Traveling always brings up the question of what to bring home to remind us of the places we visited. At one time, I lugged all sorts of useless junky things home–keychains, magnets, glasses, socks, whatever caught my eye and had the name plastered all over it to announce to everyone where I have been. I like to take photos and create scrapbooks of my travels. I always included tickets, receipts, brochures, and many, many postcards along with my pictures. The scrapbooks sometimes spilled from one overfilled book to two overfilled book of the same place–just one week of traveling. Then I started to travel more frequently sometimes the same city more than once–London, Paris, Dublin, Edinburgh–I didn’t need nor desire the same junky souvenirs. However, I still created the overfull scrapbook.
I can’t remember on what trip–probably a London trip–I decided to restrict myself to a few small magnets and postcards. I always took hundreds of pictures to sort through for my scrapbooks and that made me happy.
One day I visited the open stall market at Covent Garden in London. It’s not a large market, but it has quality stalls. I browsed through the market throughly for quite a while. I came across an artist selling his watercolor prints of London and the quintessential English countryside. There were great renditions of iconic sites in London, but a bit moodier. I eventually settled on a signed and matted watercolor of St. Paul’s Cathedral in dark purple tones. Perfect. I always make time to go to St. Paul’s Cathedral. I don’t always go inside. I love the story of how it was a victim of the infamous London fire, but its glory was resurrected with Christopher Wren’s designs. I’ve walked up the 500 something steps to the top viewing tower to see the city views. I’ve sat in the whispering gallery along the base of the large center dome to see if I could hear people’s whispers from across the dome.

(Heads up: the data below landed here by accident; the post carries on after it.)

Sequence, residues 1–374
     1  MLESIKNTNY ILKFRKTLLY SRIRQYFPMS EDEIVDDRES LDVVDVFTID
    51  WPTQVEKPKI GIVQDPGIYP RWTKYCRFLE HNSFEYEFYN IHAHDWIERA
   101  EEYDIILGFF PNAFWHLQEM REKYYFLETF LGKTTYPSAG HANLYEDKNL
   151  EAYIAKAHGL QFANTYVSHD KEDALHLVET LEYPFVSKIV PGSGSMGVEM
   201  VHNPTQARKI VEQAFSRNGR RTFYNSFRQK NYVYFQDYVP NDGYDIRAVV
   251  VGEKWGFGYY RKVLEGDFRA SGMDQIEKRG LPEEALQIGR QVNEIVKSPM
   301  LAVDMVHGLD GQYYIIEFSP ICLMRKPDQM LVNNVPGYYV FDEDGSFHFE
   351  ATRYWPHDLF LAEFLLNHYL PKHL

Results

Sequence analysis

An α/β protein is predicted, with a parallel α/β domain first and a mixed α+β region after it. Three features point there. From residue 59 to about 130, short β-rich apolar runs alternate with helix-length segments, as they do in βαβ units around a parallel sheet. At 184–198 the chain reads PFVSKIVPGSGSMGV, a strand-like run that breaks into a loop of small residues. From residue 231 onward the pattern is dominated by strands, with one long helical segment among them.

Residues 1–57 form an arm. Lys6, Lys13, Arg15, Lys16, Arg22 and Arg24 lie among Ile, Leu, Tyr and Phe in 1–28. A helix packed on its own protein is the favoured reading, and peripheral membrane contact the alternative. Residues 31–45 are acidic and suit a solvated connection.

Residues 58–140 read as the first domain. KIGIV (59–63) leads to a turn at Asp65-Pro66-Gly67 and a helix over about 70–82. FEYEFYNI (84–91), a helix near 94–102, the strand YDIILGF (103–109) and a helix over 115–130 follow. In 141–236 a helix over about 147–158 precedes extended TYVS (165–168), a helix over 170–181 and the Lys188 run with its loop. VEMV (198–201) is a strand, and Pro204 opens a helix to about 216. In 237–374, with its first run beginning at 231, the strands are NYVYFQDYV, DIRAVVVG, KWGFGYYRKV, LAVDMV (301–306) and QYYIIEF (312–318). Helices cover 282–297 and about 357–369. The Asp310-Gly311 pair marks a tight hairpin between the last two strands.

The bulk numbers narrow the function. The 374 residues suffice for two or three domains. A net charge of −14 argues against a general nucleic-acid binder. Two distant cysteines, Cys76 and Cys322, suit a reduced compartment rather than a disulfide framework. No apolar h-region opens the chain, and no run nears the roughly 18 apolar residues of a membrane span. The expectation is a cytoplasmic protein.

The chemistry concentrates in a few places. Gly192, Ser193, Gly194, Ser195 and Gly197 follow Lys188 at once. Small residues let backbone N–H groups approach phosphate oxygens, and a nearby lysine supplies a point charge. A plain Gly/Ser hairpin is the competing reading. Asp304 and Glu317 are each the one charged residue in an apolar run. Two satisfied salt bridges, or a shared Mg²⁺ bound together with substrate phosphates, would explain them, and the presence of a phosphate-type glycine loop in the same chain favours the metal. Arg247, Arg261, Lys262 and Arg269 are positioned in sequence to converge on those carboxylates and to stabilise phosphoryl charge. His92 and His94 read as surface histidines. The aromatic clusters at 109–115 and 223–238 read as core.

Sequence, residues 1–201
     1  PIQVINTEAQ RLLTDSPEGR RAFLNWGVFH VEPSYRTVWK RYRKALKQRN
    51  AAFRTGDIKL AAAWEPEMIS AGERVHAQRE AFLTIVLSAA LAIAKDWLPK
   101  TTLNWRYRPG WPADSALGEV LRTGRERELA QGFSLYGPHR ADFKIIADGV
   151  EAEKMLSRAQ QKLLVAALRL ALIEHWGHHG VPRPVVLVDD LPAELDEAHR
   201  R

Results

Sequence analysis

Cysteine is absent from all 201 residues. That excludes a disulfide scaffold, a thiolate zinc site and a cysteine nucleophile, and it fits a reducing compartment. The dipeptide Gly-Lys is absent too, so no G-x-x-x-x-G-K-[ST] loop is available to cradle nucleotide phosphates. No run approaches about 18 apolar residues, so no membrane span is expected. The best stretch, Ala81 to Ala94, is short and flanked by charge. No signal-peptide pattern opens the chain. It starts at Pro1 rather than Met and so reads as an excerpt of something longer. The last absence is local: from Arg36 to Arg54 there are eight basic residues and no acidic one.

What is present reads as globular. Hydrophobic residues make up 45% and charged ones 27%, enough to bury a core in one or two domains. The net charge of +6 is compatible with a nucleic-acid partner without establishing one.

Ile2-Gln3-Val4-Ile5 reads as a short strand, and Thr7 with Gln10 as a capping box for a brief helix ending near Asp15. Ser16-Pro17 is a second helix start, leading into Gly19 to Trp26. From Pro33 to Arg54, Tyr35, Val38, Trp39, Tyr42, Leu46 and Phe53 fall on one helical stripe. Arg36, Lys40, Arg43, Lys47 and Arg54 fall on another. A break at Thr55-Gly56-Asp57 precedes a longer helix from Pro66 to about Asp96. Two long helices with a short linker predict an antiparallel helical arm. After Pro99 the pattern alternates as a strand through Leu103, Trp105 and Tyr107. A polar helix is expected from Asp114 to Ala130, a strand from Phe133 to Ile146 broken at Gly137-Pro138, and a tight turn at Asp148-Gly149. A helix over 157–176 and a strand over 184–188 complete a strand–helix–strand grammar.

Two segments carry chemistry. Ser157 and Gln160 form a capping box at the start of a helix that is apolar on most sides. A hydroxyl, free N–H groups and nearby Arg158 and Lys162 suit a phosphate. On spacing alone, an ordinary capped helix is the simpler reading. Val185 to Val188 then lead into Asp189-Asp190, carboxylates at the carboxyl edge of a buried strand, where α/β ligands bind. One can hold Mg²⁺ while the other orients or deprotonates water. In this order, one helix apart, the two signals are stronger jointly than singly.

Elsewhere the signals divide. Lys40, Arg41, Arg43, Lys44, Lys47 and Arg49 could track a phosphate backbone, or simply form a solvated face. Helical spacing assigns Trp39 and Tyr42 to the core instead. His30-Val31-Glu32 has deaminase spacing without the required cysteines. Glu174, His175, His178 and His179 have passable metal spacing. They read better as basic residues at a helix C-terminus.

My sister and I once sat in the little (park?)–really just some benches in a square to the side and waited for the Queen who was rumored to be inside the Cathedral to come out. We had been just walking around the church and we were considering walking across the new Millenium Bridge to the Tate Modern when we saw several black armored cars drive up and park to the side. We heard people say that it may a royal. So about 45 minutes and 1 ice cream cone later–the Queen came out the side door–looking very sweet in her primrose skirt suit complete with matching hat and the classic 1950s box handbag dangling off her forearm. She was whisked away to her black car by her security team.
My print from St. Paul’s Cathedral purchased at the Covent Garden market for 5 pounds.